Think about it: music alone, so many people sing with an American accent. We play with Barbies with an American accent. Can you even imagine an English Barbie? It definitely wouldn't be called Barbie, first of all. Mainly because that's not a name. Joanna? Jane? Let's work on this.
Are some people in Los Angeles not able to understand your Scottish accent?
I've had a few people ask me to repeat things. Like my auntie, for instance, she can't understand what I am saying on Doctor Who when she watches it. (Laughs) This is just hilarious to me - she's family! I don't feel like it's a put down, it's more of a... Look, I should say that she's American. "I just don't understand," she says. But generally, over here in LA people are pretty good at "understanding" me.
As for my American accent, thank you, by the way. I used to always do accents growing up. I thought they were all really good, but they weren't, they were really vague approximations and a bit awful, but I was still able to do them in some capacity. And then I just worked with a dialect coach for ages, and worked really hard. For Oculus in particular, I mean.
Going back to the Comic-Con reveal, was that in any way a planned thing?
No! Actually, it was really on the spur of the moment. Well, it was sort of planned, but only minutes beforehand. I had the wig on already, because Marvel had already told me they didn't want me to be bald in front of anybody else. They didn't ask me to pull it off during the panel, they just wanted me to not be bald until the panel. So I was like, "Okay, so I'll go out bald." Then someone, my agent or something, was like, "I don't think anyone is going to know who you are if you walk out bald..." I said, "Maybe I should put the wig on then." Then he was like, "Just take it off mid-way!" "Really?"
How intense does the San Diego Comic-Con get for you guys?
It's bigger than anything else by such a long way. It's a nerd revolution, in San Diego, annually. It's huge, huge, huge. Massive movies are launched there now. It's absolute madness. I keep wanting to find a reason to go there for the next ten years. I'll be talking to my agent about a new projects and saying, "This is sort of genre... can it be genre?" (Laughs) Sure, it's a bleak drama with Meryl Streep, but could there just a couple of supernatural elements?
What sort of roles do you most get offered?
You know what? Quite a lot of genre stuff. Or comedies. And that's totally fine by me, because genre movies have the best female roles right now. The female roles are really, really amazing, and I've always wanted to do comedy, which is fine by me, but maybe I'll get to do some straight acting at some point. Eventually. I'll graduate to it.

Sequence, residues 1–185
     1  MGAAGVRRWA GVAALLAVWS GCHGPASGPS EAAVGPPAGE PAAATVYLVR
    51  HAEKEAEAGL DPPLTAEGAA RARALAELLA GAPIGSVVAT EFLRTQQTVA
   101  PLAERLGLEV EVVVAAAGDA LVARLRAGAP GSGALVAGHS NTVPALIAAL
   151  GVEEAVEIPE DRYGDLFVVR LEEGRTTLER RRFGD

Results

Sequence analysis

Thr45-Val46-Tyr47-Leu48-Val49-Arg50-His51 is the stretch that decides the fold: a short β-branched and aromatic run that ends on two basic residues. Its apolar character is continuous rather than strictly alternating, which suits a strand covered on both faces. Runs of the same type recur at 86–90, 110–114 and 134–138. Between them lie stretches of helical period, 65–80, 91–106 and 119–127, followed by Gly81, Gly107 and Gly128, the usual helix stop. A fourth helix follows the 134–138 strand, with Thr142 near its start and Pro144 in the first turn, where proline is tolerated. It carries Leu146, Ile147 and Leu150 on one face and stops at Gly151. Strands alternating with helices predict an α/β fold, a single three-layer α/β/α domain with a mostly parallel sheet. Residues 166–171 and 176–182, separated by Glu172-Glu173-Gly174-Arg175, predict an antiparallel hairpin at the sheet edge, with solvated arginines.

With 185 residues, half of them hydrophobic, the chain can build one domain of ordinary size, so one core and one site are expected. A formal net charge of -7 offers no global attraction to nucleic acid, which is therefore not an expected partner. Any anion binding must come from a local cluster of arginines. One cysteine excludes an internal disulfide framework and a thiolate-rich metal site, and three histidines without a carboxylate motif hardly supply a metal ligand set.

Do you see yourself working with Mike Flanagan again any time soon?
Absolutely. I'd absolutely love that. If he would have me, I would love to do that. Also because I became really good friends with him, and the producers he works with, and they're so lovely, and I feel like Oculus turned out really well. Those films can go either way, and it totally was on the right side of all that stuff.
Going back to Guardians Of The Galaxy, how does it feel to be up there in the grand pantheon of cinema's finest blue aliens? Diva Plavalaguna from The Fifth Element, Neytiri from Avatar...
Oh my god, I mean, it's... very, very exciting to be bald and blue and in a Marvel film. (Laughs) I never anticipated that this is what I'd be doing! Ten years ago, when I was saying, "I wanna be an actress!" in a high-pitched voice, I did not thing of think of this.
Finally, have you met any of the people who you impersonated on The Kevin Bishop Show, such as Katy Perry or Angelina Jolie?
Oh God, no! But I am dreading the day when it happens. I mean, I'm sure they haven't seen it though, frankly. (Laughs) But though I know they won't have seen it, I can tell I'll start acting really peculiar. They'll be like, "Is she being weird with me?" And I'll be like, "Is she being weird with me?"
Then you'll take your wig off and leave.
Exactly. (Laughs) I'll panic, take my wig off, then run.
Oculus is out June 13.